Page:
The fire salamander crawls leisurely through the moss. It is definitely not one of the fastest amphibians and immediately catches the eye with its black and yellow pattern. But he has nothing to fear here: the salamander lives in an enclosure in the Nuremberg Zoo. Some time ago he was still in great danger. He was infected with the skin fungus Bsal (Batrachochytrium salamandrivorans), also known as salamander eater fungus or salamander plague - and it is usually fatal.
But the fire salamander and four of its fellows were lucky. Conservationists found them in the Steigerwald in northern Bavaria and brought them to the Nuremberg Zoo. Veterinarian Hermann Will was able to heal her there. The infected amphibians spent two weeks in a warming cabinet - at a temperature of 25 degrees, which kills the fungus and which the fire salamanders can barely tolerate, as Will explains. “They survived the treatment well.”
Since then, the fire salamanders have lived in a small outdoor terrarium in the Nuremberg Zoo and will probably stay there. Putting them back in the Steigerwald is not possible, says Will. The recovered animals are not immune to a new infection. That's why the zoo would like to use this to set up a conservation breeding program for the fire salamander. In Bavaria it is considered endangered, and throughout Germany it is on the warning list of the Red List of Threatened Species.
Children know the fire salamander (Salamandra salamandra) as the cartoon character “Lurchi,” who advertises a shoe brand. With its striking pattern - yellow spots on a black lacquer background - it is not only particularly pretty to look at, but also, with a length of up to 20 centimeters, it is the largest tailed amphibian in Germany. According to the German Society for Herpetology and Terrarium Science (DGHT), this makes it probably the best-known amphibian species in this country.
But most people have probably never seen it in nature. The fire salamander is predominantly nocturnal and feels most comfortable in natural mixed deciduous forests in the low mountain ranges with small spring streams and ponds in which it can place its larvae. But this living space is disappearing.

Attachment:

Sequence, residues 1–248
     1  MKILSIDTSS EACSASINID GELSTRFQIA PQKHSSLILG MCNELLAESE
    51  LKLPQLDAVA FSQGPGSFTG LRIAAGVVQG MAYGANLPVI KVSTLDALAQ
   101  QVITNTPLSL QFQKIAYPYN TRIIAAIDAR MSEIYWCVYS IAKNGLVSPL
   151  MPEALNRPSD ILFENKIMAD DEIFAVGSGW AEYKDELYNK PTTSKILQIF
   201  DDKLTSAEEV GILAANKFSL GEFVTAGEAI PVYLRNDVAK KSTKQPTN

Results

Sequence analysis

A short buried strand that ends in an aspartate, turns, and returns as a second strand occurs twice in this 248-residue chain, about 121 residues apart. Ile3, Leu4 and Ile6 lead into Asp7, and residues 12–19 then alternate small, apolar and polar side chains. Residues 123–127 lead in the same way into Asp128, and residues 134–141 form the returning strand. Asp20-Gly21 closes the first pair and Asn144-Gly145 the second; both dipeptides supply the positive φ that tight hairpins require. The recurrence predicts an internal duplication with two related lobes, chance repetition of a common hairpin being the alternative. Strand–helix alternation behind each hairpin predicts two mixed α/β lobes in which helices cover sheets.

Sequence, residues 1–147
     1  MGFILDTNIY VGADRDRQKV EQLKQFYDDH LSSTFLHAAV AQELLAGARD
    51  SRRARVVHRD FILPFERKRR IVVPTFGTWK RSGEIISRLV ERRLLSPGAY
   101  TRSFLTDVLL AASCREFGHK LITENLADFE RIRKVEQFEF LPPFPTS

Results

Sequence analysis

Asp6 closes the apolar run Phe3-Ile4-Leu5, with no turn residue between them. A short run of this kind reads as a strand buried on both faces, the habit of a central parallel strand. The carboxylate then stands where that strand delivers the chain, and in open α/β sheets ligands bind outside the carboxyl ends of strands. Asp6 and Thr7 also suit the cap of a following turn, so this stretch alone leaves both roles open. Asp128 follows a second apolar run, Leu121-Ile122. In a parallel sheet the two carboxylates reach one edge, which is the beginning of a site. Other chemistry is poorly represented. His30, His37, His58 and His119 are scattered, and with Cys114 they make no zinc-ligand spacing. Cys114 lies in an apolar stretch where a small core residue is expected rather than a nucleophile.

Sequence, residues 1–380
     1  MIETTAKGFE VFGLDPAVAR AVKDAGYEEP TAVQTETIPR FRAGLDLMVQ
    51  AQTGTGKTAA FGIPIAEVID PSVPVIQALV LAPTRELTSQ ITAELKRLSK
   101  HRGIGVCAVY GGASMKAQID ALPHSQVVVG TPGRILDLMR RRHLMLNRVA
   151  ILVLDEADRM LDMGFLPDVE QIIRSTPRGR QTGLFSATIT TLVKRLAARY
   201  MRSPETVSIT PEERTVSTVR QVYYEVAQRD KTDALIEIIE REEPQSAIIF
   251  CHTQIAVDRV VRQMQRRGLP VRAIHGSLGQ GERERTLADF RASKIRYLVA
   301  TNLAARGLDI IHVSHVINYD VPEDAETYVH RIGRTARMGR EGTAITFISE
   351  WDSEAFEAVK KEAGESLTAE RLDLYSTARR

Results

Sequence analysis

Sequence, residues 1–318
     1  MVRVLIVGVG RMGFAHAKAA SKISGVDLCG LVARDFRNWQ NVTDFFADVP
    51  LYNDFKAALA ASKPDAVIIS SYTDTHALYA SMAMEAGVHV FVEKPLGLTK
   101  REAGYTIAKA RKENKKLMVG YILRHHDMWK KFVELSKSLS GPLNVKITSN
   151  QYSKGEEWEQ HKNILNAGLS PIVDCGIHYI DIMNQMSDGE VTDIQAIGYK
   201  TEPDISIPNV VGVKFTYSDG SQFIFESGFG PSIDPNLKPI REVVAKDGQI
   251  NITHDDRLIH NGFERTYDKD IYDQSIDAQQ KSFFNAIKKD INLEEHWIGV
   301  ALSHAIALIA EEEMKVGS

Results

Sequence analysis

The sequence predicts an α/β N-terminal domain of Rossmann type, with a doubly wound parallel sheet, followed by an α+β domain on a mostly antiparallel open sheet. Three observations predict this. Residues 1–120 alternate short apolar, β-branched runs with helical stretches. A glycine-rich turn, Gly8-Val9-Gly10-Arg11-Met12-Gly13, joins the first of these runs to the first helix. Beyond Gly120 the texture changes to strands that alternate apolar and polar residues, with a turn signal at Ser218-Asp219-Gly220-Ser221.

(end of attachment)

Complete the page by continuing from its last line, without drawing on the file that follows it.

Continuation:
Climate change is also causing problems for fire salamanders. “The dryness is bothering them,” explains Malvina Hoppe from the nature conservation association LBV. "If small streams and ponds dry out before the larvae are developed, things become critical." There is also the deadly skin fungus Bsal. In the Ruhr area, this led to mass extinctions, says biogeography professor Stefan Lötters from the University of Trier. He has been researching the salamander plague for a long time, but still sees many unanswered questions.
The skin fungus, which comes from Asia, probably came to Europe through the animal trade, says Lötters. It was first detected in the Netherlands in 2010, and later in Germany, Belgium and Spain. In Germany, the fungus occurs in the Ruhr area, in the Eifel, in the Steigerwald and in the Allgäu. In the Allgäu, where there are no fire salamanders, it attacks newts, but they do not die from it.
There is still a lot of research to be done
From Lötter's point of view, it is still puzzling why there has not been a mass death in the Steigerwald as in the Ruhr area. "My guess is that there is another fungal variant there that is not as aggressive. But we don't have any data on that." It is also still unclear how long Bsal has actually been present in the affected regions. "We have evidence that he appeared near Aachen as early as 2004. But today he can no longer be found there." Lötters concludes: “Somehow the fungus seems to be able to disappear again.” But how is still unknown.
In Lötters' opinion, there is no danger of the fire salamander becoming extinct in Germany any time soon. “But we believe we are seeing a spread of Bsal.” He therefore believes it makes sense to contribute to species conservation through captive populations. “Until we know more about the fungus, how we can fight it or it dies out,” says Lötters.
Several stations for breeding
There is currently only space for a few fire salamanders in Nuremberg Zoo. A large outdoor enclosure is being planned. According to its own statements, the zoo in Wuppertal started a pilot project with the university and the Lower Nature Conservation Authority in the spring, for which fire salamanders and their larvae are taken from the wild, tested for Bsal and, after a quarantine period, brought to the breeding station.
Other zoos and private owners in Germany also take part in a conservation breeding program that is coordinated by the organization Citizen Conservation. This was founded by the DGHT, the Association of Zoological Gardens and the Frogs Initiative
However, there is also good news: “The fungus itself spreads very slowly,” says Lötters. "So there must be vectors." For example, forest animals or people carrying the spores from one place to another. At least with the latter, we can start to prevent this: The Bavarian nature conservation association LBV calls on everyone to always stay on the paths in Bsal hotspots and to disinfect shoes, car and bicycle tires so as not to spread the spores.